Next, we performed a Kaplan-Meier analysis to investigate the relationship between NFAT5 expression and the survival of patients with HCC. At the last clinical follow-up, 33 of 90 patients remained alive, while 57 had died, and the median overall survival (OS) of all patients was 29.40 M. The 1-year survival rate was 90%; the 3-year survival rate was 42%; and the 5-year survival rate was 13%. The survival time was longer in the group showing higher expression of NFAT5 (Fig. 1d). The mean OS of patients with low or high NFAT5 expression was 23.83 M (range, 1~ 67 M), and 57.82 M (range, 4~80 M), respectively. There was a significant difference in the median OS of patients with low or high NFAT5 expression (log-rank test χ2 = 27.29, P < 0.01). These results demonstrated a clear positive correlation between the levels of NFAT5 protein expression and OS in patients with HBV-associated HCC.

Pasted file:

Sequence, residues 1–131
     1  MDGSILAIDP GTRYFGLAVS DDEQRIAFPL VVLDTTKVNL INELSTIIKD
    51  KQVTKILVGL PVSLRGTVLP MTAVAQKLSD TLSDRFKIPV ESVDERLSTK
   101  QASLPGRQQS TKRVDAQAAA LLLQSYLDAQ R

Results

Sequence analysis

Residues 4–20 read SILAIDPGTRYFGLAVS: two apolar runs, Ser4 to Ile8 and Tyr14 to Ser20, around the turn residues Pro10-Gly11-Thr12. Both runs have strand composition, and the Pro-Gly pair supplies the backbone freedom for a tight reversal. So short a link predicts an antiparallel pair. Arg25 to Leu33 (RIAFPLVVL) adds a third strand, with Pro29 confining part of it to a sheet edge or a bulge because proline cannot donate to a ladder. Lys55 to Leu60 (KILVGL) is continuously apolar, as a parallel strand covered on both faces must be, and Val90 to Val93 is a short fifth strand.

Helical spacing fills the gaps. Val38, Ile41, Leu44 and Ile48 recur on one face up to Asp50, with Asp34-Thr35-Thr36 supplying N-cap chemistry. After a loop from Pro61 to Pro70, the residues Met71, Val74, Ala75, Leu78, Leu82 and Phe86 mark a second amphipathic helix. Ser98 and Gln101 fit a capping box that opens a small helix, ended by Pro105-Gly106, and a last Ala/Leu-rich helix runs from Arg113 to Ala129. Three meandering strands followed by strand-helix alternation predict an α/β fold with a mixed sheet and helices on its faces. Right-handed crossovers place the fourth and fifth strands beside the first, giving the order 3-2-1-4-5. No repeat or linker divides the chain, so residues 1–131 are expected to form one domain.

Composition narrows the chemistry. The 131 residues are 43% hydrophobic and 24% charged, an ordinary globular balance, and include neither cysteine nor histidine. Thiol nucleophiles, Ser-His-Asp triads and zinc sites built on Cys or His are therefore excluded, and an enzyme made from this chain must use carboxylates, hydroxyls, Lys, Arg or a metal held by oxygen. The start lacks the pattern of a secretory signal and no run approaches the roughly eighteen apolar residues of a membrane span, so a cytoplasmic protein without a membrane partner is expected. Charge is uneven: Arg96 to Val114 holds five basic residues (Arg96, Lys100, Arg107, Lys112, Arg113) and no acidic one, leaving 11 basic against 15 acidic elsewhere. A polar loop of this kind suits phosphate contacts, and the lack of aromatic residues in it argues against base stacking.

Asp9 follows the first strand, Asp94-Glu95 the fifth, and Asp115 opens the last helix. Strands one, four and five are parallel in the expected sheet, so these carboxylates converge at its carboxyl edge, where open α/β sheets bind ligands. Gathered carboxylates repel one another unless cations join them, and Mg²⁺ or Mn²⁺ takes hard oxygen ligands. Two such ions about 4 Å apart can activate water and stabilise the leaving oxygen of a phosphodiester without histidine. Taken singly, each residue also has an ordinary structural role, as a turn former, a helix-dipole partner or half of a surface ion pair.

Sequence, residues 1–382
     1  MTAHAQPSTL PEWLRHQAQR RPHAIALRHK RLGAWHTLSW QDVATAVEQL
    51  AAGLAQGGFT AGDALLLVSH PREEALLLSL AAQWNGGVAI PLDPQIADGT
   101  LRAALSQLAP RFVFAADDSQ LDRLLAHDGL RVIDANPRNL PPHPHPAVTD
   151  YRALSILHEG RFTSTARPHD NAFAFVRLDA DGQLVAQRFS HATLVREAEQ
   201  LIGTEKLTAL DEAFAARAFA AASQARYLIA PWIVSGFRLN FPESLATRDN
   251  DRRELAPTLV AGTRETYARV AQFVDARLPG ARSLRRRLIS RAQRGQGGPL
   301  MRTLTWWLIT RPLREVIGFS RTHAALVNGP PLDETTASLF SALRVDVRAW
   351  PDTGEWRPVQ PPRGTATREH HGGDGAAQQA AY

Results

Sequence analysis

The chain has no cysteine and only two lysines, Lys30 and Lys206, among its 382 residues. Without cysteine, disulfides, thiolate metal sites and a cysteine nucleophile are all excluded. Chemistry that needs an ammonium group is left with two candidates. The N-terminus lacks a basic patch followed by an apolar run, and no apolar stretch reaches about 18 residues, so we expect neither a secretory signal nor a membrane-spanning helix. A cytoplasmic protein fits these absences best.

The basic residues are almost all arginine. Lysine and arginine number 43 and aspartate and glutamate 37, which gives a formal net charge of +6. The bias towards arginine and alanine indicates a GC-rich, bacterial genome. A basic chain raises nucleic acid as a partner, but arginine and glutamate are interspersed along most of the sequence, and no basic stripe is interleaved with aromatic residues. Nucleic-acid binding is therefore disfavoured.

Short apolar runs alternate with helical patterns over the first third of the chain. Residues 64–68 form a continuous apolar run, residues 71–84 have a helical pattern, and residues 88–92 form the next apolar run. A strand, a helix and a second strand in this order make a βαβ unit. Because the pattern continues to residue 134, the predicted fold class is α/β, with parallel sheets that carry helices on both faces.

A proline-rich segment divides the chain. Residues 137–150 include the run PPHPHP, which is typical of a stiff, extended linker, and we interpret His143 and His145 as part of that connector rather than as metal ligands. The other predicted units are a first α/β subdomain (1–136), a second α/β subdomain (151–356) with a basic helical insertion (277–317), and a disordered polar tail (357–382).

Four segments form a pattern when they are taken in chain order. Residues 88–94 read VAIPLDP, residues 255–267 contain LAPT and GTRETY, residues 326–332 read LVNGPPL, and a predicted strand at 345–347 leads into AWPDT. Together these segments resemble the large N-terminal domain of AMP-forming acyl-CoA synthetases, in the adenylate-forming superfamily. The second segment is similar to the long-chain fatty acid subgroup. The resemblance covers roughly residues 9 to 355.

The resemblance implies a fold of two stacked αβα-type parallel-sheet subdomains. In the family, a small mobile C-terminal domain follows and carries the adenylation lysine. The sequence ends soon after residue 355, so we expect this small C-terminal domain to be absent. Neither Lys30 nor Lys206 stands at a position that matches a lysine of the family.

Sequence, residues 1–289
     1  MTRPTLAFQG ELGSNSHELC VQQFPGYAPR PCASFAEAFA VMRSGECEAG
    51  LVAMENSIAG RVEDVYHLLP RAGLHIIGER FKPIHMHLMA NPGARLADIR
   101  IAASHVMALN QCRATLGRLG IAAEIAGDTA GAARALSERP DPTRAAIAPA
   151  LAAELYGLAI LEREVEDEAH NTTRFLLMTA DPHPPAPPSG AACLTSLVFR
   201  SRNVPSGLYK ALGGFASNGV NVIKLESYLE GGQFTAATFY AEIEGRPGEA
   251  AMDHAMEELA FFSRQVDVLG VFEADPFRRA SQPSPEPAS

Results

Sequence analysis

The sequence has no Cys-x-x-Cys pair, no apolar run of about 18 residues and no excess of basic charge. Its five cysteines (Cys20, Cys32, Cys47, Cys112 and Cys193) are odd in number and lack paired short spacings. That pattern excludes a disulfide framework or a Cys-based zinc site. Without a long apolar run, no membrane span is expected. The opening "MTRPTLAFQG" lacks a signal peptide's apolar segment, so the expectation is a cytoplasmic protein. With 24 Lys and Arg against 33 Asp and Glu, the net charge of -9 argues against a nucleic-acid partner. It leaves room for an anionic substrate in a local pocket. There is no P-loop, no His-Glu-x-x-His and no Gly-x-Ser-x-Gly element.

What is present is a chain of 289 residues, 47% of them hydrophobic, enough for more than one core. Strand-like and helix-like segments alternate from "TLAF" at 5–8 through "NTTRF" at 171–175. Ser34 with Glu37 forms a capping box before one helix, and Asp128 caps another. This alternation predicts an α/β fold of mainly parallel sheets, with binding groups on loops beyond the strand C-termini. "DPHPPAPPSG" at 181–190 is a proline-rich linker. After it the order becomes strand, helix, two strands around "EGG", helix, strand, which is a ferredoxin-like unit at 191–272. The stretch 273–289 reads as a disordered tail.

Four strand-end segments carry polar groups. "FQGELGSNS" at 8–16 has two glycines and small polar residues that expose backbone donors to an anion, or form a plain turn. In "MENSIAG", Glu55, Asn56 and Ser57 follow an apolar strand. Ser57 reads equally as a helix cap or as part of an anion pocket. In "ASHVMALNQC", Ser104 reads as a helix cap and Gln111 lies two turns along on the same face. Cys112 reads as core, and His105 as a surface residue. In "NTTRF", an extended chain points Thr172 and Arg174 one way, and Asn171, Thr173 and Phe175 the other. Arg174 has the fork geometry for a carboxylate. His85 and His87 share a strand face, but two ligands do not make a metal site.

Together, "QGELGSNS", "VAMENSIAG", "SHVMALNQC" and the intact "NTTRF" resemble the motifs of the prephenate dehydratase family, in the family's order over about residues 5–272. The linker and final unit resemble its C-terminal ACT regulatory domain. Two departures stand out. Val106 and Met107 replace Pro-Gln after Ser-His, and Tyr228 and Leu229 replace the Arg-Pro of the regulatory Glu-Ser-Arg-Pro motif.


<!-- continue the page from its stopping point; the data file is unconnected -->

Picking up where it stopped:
Furthermore, we investigated the effect of NFAT5 on cell cycle and apoptosis in hepatoma cells. Flow cytometry (FCM) cell cycle analysis indicated that knockdown of NFAT5 accelerated S phase entry (Fig. 1e). Moreover, knockdown of NFAT5 resulted in a lower apoptotic rate (Fig. 1f). All of these data indicated NFAT5 is a cancer suppressor gene.
HBV inhibits NFAT5 expression by inducing hypermethylation of the AP1-binding site in the NFAT5 promoter
To explore the role of HBV in the regulation of NFAT5 expression, we determined the levels of NFAT5 mRNA and protein expression in HepG2 and HepG2.2.15 cells. The results showed that NFAT5 mRNA and protein levels were lower in HepG2.2.15 cells than in HepG2 cells (Fig. 1g). Thus, we considered HBV to be responsible for the inhibition of NFAT5 gene expression observed in HepG2.2.15 cells. This hypothesis was supported by measuring NFAT5 mRNA and protein expression levels at different time points after transfection with plasmids (pBlue-HBV) containing 1.3-fold HBV genomes in Huh 7 cells (Fig. 1h). Next, a luciferase activity assays illustrated that NFAT5 promoter activity was significantly decreased by the presence of HBV in Huh7 and L02 cells (Fig. 2a).